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7.2 TITLE IV-B, Confidentiality
6.Some States have enacted laws that allow open courts for juvenile protection proceedings, including child in need of protection or services hearings, termination of parental rights hearings, long-term foster care hearings and in courts where dependency petitions are heard. Questions have arisen about whether courts that are open to the public and allow a verbal exchange of confidential information meet the confidentiality requirements under title IV-B. Do the confidentiality provisions for title IV-B restrict the information that can be discussed in open court?
Answer: In accordance with 45 CFR 1355.30 (p)(3) records maintained under title IV-B of the Act are subject to the confidentiality provisions in 45 CFR 205.50. Among other things, 45 CFR 205.50 restricts the release or use of information concerning individuals receiving financial assistance under the programs governed by this provision to certain persons or agencies that require the information for specified purposes. The authorized recipients of this information are in turn subject to the same confidentiality standards as the agencies administering those programs. To the extent that the records of the title IV-B agency contain information regarding child abuse and neglect reports and records, such information is subject to the confidentiality requirements at section 106 of the Child Abuse Prevention and Treatment Act (CAPTA).
Answer: The release of information which was obtained from the child welfare agency by any party (including the court), except in the same circumstances as identified in 45 CFR 205.50(a)(1)(i), would result in State violation of the State Plan requirements for Foster Care and Adoption.
Answer: Yes. While the State Plan requirements for Child and Family Services in Section 422 of the Social Security Act do not identify confidentiality restrictions, title IV-B services are subject to the confidentiality regulations identified in 45 CFR 205.50. See 45 CFR 1355.30 (p)(3).
The regulation prohibits redisclosure of information gained from the child welfare agency in 45 CFR 205.50 (a)(2)(ii), except for the purposes identified in 45 CFR 205.50 (a)(1)(i). This prohibition covers any information gained from the child welfare agency. The information to be safeguarded may be either written information or oral testimony. In addition to the types of information listed in 45 CFR 205.50(a)(2)(i), examples of child welfare information to be safeguarded include but are not limited to the following: referrals from other agencies to the child welfare agency, services provided by the child welfare agency to the child or family, referrals by the child welfare agency to other parties requesting services be provided to the child or family.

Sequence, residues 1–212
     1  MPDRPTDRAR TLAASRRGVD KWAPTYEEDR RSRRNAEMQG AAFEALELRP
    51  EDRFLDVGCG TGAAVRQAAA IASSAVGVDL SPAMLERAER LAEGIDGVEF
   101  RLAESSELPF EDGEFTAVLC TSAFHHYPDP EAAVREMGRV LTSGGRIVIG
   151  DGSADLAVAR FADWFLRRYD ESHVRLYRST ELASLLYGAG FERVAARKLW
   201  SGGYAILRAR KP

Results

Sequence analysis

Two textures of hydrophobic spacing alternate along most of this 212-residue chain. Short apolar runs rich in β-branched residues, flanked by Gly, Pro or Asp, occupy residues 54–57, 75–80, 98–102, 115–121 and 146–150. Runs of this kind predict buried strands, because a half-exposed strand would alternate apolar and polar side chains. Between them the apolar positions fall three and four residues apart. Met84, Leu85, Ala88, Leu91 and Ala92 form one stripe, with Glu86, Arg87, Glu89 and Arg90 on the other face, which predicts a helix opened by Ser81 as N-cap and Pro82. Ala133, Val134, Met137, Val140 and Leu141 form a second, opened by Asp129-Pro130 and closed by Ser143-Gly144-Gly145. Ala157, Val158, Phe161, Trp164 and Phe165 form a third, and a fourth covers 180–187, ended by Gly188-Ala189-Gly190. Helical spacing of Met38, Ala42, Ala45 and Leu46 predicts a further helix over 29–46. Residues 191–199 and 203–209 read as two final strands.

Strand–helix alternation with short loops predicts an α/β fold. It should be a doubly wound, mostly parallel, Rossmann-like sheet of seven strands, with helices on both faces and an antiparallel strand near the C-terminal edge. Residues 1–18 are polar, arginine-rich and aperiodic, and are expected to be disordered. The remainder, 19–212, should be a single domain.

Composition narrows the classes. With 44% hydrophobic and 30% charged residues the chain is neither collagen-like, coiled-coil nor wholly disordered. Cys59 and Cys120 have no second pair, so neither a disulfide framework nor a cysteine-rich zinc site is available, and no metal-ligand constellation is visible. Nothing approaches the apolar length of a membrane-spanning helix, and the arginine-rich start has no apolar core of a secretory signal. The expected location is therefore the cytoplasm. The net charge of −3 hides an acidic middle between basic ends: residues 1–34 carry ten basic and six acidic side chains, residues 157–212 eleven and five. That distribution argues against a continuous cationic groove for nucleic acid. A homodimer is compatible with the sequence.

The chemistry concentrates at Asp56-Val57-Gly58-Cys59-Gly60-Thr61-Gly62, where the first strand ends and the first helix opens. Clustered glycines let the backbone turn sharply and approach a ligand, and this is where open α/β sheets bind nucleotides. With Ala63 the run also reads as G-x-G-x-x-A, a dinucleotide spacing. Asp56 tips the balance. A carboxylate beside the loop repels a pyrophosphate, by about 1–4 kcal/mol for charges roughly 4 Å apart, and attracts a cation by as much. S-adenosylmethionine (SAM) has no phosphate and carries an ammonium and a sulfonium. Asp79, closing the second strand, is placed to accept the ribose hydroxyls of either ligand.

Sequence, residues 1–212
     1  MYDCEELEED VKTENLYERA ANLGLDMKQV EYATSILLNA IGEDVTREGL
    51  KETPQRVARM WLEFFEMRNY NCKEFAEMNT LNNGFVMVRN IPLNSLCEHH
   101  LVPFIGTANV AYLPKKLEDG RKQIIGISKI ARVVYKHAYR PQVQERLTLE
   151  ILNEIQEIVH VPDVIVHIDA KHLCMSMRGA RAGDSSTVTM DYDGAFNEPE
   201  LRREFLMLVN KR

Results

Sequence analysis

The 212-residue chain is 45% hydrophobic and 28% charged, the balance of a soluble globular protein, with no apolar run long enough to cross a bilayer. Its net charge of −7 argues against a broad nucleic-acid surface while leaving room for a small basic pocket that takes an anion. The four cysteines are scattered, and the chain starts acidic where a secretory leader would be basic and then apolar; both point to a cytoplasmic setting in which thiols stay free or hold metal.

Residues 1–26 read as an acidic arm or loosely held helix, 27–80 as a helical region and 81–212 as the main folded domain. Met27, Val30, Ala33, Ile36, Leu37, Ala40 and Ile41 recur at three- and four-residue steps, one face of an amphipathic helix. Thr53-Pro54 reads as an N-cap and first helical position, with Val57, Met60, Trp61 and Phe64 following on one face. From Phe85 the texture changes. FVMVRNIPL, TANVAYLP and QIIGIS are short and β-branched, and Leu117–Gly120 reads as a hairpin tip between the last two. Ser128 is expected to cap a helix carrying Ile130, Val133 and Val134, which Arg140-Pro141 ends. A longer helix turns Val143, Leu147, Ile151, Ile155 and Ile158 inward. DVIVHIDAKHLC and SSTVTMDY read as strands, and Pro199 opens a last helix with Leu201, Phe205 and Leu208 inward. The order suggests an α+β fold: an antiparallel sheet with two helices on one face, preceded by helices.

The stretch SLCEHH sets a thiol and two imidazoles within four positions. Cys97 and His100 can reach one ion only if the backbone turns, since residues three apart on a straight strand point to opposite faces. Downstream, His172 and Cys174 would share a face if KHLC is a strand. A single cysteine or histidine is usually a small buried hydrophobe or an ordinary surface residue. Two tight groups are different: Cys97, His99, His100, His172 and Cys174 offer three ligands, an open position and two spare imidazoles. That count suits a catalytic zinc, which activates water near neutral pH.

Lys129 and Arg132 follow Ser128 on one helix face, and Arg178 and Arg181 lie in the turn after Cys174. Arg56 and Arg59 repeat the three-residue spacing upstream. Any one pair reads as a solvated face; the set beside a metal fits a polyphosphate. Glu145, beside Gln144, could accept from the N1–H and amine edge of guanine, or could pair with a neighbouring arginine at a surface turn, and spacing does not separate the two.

Answer: No. The prohibition covers information that is gained from the child welfare agency. The provisions of confidentiality of information cannot be extended to information that the court has gained from sources other than the child welfare agency.
For example, if the police, school officials, or some other party refers a child to the child welfare agency, the child welfare agency must treat information about the referral as confidential. If the child welfare agency informed the court about this referral, court redisclosure of this information would result in a violation of State plan requirements. If the police, the school official, or some other party went to the court directly, then the confidentiality provisions would not apply. If the court became aware of the police, the school, or other party involvement through a source other than the child welfare agency, the confidentiality provisions in 45 CFR 205.50 would not apply.
Answer: Records maintained under title IV-B (which is subject to the Department's confidentiality provisions in 45 CFR 205.50) are to be safeguarded against unauthorized disclosure. The regulation at 45 CFR 205.50 states that the release or use of information concerning individuals applying for or receiving financial assistance is restricted to certain persons or agencies that require it for specified purposes. Such recipients of information are in turn subject to standards of confidentiality comparable to those of the agency administering the financial assistance programs. There may be instances where CPS information is subject both to disclosure requirements under CAPTA and to the confidentiality requirements under 45 CFR 205.50. To the extent that the CAPTA provisions require disclosure (such as in section 106 (b)(2)(B)(ix), the CAPTA disclosure provision would prevail in the event of a conflict since the CAPTA confidentiality provisions were most recently enacted. Whereas the CAPTA provision is permissive (such as in sections 106 (b)(2)(B)(viii)(I)-(VI)), it allows States to disclose such information without violating CAPTA, but it does not make such disclosure permissible in other programs if it is not otherwise allowed under the other program's governing statute or regulations.
Answer: No. Section 471(c) of the Social Security Act allows States to set their own policies relating to public access to court proceedings to determine child abuse and neglect or other court hearings held pursuant to titles IV-B or IV-E. Such policies must, at a minimum, ensure the safety and well-being of the child, his or her parents and family.